Introducing Ami Amalia, a family owned luxury knitwear company changing the game in slow fashion with sustainable, cruelty-free yarns and uncompromising ethics.
In a world of mass retail, product pollution, fast and unsustainable fashion, Ami Amalia was born from the dream of a sustainable, slow fashion, boutique brand built on responsibility and respect for the resources and people involved in the product lifecycle. We’ve all heard it before. Brands, designers and corporations touting sustainability as a core value, citing the world and it’s precarious situation, a love of animals or dedication to fair labor as the reason the products they offer— or greenwash— are ethical and eco friendly. While the industry researches, innovates and pontificates on sustainability, Ami Amalia has been passionately and transparently making a name for herself with unique and luxurious knitwear, meant to last lifetimes.
With a an eye for unexpected color combinations, and a library of styles and knit patterns that comes from learning the industry by trial and error, Amalia is dedicated to sustainable, ethical and eco-minded practices throughout the entire product lifecycle, starting with supply chain. The company partners exclusively with suppliers like a heritage mill in Italy that has been producing yarn the same way for generations. She also doesn’t hesitate to share with her followers why one yarn might be more sustainable or softer than another, or how an updated design detail improved a product, and it is this rare kind of integrity that first drew us to Ami Amalia. Her working process is a natural flow, but she found friction coming from within the industry, and was often challenged as to why she does things differently until someone deciphered the confusion; she still thinks like a consumer, and built her business through the eyes and needs of a customer, with their interests in mind.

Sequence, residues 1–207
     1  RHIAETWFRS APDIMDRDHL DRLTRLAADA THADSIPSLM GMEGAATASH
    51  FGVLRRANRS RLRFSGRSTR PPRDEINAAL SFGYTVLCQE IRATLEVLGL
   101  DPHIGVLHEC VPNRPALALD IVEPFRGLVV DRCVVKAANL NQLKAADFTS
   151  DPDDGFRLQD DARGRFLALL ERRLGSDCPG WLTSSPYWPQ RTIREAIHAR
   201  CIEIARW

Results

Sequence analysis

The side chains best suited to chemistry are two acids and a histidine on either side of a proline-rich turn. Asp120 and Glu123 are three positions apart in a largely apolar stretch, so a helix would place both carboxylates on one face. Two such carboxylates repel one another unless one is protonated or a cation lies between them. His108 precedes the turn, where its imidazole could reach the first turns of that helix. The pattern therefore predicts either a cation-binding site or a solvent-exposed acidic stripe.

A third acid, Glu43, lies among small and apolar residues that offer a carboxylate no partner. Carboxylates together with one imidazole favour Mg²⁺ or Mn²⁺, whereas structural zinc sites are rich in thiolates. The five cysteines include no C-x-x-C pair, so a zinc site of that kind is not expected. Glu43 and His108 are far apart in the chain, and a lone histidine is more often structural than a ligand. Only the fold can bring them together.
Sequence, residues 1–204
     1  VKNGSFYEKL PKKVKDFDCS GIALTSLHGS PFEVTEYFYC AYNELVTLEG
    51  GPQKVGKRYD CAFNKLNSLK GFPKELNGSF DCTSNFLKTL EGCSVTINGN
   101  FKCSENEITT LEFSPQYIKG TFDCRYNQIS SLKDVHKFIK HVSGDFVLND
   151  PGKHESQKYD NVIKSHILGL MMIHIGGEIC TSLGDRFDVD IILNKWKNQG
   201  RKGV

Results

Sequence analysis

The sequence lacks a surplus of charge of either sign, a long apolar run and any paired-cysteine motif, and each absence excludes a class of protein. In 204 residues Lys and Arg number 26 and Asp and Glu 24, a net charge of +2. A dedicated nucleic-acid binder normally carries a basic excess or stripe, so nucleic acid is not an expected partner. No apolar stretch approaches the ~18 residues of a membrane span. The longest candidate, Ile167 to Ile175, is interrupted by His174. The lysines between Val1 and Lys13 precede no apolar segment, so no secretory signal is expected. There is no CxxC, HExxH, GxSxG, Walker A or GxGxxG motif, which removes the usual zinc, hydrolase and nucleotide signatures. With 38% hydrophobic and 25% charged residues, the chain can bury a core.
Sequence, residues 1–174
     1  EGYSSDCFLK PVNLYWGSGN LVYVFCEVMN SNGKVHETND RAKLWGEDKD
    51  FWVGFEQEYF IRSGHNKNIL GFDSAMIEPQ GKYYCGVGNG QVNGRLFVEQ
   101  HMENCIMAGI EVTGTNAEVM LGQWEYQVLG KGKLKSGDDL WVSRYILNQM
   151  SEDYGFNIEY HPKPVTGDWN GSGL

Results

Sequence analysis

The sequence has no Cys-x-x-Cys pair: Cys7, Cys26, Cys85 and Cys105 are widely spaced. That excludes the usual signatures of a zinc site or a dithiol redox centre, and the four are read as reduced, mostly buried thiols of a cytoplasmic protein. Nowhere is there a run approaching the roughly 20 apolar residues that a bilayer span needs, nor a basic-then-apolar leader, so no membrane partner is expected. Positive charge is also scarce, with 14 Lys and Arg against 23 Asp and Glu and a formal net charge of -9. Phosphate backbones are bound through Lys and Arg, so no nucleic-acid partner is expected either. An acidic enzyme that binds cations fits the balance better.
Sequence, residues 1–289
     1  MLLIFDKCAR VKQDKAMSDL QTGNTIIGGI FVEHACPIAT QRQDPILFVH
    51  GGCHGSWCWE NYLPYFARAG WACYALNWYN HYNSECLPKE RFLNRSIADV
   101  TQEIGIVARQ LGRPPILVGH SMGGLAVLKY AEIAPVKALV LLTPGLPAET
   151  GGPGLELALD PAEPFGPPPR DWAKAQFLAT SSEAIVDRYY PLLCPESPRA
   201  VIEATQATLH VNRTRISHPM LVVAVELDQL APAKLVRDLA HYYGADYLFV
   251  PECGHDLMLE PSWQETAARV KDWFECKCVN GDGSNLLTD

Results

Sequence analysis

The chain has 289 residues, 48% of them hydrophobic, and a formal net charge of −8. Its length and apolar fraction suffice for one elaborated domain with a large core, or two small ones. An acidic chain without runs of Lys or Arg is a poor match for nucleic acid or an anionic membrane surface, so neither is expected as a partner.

“While a traditional factory needs to standardize production and is profitable when mass producing, I have built the business to make producing less — without waste, in dialogue with the customer— profitable. I do not have a top-down attitude towards ours customers “I am the designer and you shall wear this, and if it doesn’t fit you, is your (body’s) problem”. We communicate, advise our customers, and share our expertise. Only together we can create pieces they will wear confidently, for a long time, and while doing this we address two of the biggest issues of the fashion industry: returns, and unwanted stock. Yes, there is a limit to how much our business model can be scaled, but we don’t believe in growing for sake of growing, but in staying true to our sustainability objectives.”
“Essential for us in choosing the yarn manufacturers we collaborate with is that they have responsible business models and show resource stewardship, produce zero environmentally toxic discharges, follow and join traceability and sustainability programs.”